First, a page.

What? What's wrong with being scared? IMO, as long as they can self-rescue, without relying on patrol or passers-by, then let them get as scared as they want. Heck, people pay like $700 million per year to be scared at horror movies. Many people love to be scared.

    Quote Originally Posted by old goat View Post
    ...When people follow each other closely matching turns they take up a lot of room and make it hard to pass except at high speed...
    I agree with this. I'd like for resorts to make rules against organized skier formations who cross 6 lanes of traffic, etc. It's not trivial for faster skiers to learn all the risk management to safely pass unpredictable groups like this: https://www.youtube.com/watch?v=a_n0VIz9RZ4&t=42

    .
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  10. #110
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    You're trying too hard, Vitamin I.
    °”rale, vato!

  11. #111
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    Quote Originally Posted by Vitamin I View Post
    Of course a fatal collision is a serious tragedy, but it's interesting that many comments here are about behaviors which aren't even violations of any rules or safety codes at all.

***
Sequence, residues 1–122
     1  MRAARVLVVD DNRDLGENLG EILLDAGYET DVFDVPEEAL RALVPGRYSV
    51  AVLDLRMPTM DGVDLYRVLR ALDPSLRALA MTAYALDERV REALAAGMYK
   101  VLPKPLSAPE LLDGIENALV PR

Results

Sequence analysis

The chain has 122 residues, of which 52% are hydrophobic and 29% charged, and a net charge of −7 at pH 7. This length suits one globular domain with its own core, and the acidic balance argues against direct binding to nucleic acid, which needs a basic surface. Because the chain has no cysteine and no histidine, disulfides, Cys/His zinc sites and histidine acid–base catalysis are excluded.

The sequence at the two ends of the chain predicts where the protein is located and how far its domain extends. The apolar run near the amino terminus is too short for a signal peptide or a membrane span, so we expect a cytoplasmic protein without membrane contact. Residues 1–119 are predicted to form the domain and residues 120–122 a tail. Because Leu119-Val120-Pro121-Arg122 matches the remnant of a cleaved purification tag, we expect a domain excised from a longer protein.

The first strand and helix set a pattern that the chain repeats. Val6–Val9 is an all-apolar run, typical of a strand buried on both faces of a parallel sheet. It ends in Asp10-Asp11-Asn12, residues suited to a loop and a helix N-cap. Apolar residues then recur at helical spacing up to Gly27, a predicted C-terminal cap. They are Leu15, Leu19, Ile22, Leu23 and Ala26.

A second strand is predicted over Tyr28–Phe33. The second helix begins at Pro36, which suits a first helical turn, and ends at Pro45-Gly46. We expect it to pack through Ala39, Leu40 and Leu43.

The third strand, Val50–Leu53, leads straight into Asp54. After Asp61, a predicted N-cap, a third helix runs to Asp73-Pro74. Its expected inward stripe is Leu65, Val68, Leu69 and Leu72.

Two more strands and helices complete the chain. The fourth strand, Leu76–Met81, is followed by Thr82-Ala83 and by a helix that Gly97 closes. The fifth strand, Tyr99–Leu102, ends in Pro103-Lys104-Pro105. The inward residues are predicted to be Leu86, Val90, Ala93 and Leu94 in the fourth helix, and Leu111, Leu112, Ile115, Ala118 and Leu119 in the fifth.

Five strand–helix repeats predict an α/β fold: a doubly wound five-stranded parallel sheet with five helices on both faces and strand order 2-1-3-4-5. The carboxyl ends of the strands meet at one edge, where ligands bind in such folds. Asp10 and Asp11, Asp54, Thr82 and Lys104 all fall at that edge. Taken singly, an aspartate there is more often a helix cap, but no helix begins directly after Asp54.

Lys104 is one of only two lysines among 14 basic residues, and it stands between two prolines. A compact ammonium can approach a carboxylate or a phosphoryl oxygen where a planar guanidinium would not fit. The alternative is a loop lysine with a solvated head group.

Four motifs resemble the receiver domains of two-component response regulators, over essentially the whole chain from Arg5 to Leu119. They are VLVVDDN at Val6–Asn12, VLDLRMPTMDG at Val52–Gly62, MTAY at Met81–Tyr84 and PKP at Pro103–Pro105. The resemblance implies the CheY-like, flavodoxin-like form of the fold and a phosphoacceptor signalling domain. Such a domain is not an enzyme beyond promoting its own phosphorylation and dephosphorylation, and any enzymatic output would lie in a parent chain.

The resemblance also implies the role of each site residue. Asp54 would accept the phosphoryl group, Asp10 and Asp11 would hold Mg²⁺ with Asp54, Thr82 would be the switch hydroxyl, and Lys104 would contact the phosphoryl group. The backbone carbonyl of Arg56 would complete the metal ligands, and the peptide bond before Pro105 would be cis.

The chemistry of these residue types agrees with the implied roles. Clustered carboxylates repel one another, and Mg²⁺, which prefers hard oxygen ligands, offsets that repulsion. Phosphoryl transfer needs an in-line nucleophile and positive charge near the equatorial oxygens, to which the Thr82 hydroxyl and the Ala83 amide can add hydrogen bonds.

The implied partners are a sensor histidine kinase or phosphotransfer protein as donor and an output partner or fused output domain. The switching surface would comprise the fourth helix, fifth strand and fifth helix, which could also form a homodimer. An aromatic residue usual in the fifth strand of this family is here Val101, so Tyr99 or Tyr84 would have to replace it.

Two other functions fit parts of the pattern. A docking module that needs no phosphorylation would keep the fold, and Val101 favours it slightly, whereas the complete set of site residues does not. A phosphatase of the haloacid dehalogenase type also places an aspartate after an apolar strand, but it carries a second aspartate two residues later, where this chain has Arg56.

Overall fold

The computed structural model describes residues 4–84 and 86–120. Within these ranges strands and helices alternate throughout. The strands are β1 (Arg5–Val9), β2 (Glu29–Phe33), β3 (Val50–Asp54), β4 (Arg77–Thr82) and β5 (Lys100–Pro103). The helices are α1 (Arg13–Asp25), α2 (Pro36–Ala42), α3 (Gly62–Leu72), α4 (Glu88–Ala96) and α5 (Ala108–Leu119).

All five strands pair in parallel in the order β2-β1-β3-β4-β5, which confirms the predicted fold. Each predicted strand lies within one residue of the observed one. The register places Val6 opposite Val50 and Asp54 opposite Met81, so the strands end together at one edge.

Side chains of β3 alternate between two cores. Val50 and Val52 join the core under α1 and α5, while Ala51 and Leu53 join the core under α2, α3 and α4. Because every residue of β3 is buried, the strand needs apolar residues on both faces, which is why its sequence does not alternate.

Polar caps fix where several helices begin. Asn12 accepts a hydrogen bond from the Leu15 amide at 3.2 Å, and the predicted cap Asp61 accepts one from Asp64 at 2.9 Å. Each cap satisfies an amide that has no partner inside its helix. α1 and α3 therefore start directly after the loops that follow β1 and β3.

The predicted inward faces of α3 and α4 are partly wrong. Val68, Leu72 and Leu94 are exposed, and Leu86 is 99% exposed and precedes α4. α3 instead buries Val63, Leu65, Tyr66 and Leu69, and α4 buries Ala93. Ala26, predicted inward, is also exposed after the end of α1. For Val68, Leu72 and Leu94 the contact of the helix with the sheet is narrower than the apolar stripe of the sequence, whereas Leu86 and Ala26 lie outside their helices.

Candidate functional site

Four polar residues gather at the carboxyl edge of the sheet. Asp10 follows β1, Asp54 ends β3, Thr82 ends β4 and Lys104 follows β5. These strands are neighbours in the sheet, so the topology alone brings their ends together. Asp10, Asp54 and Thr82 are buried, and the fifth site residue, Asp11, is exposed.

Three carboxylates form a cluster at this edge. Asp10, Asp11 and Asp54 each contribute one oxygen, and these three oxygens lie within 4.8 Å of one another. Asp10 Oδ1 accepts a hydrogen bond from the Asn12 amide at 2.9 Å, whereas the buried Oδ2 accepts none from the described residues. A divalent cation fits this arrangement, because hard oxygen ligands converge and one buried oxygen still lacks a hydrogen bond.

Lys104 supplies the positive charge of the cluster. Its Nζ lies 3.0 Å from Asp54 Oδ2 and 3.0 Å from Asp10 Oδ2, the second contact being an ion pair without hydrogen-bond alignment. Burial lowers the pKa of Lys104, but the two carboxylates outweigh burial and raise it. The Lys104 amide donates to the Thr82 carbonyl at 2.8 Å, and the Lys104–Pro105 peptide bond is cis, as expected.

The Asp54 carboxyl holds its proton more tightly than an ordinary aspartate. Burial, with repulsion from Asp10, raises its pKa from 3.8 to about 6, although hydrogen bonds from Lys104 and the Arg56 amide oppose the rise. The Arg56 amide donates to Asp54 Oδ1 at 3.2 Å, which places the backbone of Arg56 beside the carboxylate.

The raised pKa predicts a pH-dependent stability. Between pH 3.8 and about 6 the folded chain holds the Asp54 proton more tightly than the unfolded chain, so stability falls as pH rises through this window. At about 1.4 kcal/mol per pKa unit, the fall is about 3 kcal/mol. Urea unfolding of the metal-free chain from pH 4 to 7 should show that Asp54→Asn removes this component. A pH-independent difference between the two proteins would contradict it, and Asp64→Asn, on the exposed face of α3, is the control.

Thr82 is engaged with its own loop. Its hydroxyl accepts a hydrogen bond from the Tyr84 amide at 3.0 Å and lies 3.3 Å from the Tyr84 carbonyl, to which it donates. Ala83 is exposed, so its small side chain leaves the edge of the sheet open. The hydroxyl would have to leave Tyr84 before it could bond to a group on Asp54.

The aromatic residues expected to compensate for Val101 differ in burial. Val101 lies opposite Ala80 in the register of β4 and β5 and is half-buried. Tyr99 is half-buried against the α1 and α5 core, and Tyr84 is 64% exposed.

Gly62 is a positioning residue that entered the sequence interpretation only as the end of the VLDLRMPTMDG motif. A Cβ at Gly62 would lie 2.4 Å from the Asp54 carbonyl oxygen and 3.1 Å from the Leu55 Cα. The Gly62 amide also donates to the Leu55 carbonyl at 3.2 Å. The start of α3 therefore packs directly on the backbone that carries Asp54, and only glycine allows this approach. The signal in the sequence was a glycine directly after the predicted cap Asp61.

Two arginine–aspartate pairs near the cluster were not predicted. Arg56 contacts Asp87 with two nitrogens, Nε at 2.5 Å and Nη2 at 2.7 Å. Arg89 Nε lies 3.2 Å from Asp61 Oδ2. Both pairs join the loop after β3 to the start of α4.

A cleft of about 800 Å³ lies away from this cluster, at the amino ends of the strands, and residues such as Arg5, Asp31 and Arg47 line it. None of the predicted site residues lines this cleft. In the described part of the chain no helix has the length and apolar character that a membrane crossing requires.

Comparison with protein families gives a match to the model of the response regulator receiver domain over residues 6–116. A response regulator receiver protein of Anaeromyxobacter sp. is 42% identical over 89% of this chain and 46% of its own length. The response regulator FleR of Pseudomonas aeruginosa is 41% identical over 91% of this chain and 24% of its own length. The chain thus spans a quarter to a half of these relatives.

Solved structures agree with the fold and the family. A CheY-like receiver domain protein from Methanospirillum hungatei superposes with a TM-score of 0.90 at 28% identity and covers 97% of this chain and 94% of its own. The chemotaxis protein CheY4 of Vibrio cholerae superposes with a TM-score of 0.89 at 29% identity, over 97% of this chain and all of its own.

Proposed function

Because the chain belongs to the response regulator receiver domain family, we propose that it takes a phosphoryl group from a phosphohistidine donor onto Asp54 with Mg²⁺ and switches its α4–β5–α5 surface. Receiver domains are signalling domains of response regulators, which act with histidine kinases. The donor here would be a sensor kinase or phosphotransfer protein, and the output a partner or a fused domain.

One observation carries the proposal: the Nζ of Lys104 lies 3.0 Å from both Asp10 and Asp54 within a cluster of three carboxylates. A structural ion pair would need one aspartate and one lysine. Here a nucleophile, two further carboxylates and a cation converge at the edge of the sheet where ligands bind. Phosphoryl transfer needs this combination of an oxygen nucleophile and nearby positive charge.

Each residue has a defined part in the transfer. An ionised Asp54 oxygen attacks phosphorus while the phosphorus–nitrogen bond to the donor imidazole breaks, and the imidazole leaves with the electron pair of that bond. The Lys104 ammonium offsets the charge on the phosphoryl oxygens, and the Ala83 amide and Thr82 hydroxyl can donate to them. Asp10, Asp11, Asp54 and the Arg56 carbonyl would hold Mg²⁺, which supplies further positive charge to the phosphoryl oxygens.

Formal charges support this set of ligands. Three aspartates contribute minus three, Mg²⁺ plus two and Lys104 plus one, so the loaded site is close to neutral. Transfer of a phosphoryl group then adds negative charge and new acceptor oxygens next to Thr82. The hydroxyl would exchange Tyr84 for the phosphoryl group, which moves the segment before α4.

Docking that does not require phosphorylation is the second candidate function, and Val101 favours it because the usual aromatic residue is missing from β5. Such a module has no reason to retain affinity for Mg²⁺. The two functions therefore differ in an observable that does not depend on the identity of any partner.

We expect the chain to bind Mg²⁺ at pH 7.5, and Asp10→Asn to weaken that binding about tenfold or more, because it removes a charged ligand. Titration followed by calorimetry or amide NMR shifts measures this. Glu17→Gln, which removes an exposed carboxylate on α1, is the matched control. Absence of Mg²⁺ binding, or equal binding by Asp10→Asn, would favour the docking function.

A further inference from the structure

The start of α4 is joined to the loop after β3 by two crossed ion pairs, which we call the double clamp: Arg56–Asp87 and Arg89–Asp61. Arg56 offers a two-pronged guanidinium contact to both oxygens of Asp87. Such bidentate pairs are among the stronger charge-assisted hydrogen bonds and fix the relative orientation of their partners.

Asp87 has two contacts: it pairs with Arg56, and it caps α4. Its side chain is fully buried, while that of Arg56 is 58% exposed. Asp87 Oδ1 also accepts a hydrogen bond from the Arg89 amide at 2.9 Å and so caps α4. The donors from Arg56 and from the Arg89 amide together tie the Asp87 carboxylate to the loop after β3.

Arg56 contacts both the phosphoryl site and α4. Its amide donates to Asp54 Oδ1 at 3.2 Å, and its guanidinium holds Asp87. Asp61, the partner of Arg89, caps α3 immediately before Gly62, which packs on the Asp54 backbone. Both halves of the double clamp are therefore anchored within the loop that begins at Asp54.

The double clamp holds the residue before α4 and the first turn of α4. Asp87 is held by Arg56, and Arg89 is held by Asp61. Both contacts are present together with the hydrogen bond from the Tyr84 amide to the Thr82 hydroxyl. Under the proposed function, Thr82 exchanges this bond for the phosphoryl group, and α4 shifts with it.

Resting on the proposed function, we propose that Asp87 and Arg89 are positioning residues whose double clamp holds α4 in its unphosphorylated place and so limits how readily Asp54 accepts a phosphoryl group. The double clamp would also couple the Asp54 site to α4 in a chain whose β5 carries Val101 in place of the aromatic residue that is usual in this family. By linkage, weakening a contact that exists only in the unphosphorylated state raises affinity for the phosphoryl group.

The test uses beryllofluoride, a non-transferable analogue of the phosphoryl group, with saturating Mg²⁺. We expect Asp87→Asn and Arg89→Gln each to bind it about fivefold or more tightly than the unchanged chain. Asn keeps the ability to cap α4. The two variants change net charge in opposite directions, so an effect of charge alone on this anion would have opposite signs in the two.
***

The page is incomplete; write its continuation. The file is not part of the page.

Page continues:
I don't get it. The way you described these "gaper morons", it sounds like they're not violating any Whistler/Blackcomb rule or code whatsoever. If people who like side hits tempt you to violate a Whistler/Blackcomb code by "dropping a shoulder" on them, you could instead just ask Whistler to make a new rule banning side hits or whatever is annoying you in this case here. Or maybe you could choose to ski somewhere else that has other rules you like better?



    What? I've never heard of ANY ski resort that has that rule. Am I missing some specific "designated family zones" that have this rule? Maybe somebody else here can recommend a resort for you with that rule...



    What? Plenty of ski areas have no speed limit at all, except in designated "slow zones" and "family zones". I know Whistler has no speed limit outside those designated zones, so they enforce control instead of speed there. If you want a resort with speed limits, you can probably find a resort that has a "slow zone" that you might like.



    What? What's wrong with being scared? IMO, as long as they can self-rescue, without relying on patrol or passers-by, then let them get as scared as they want. Heck, people pay like $700 million per year to be scared at horror movies. Many people love to be scared.



    I agree with this. I'd like for resorts to make rules against organized skier formations who cross 6 lanes of traffic, etc. It's not trivial for faster skiers to learn all the risk management to safely pass unpredictable groups like this: https://www.youtube.com/watch?v=a_n0VIz9RZ4&t=42

    .
    You don't have to break any specific rules to be guilty of doing something dangerous. Anyway, when you ski into the person ahead you, you have most definitely broken a rule.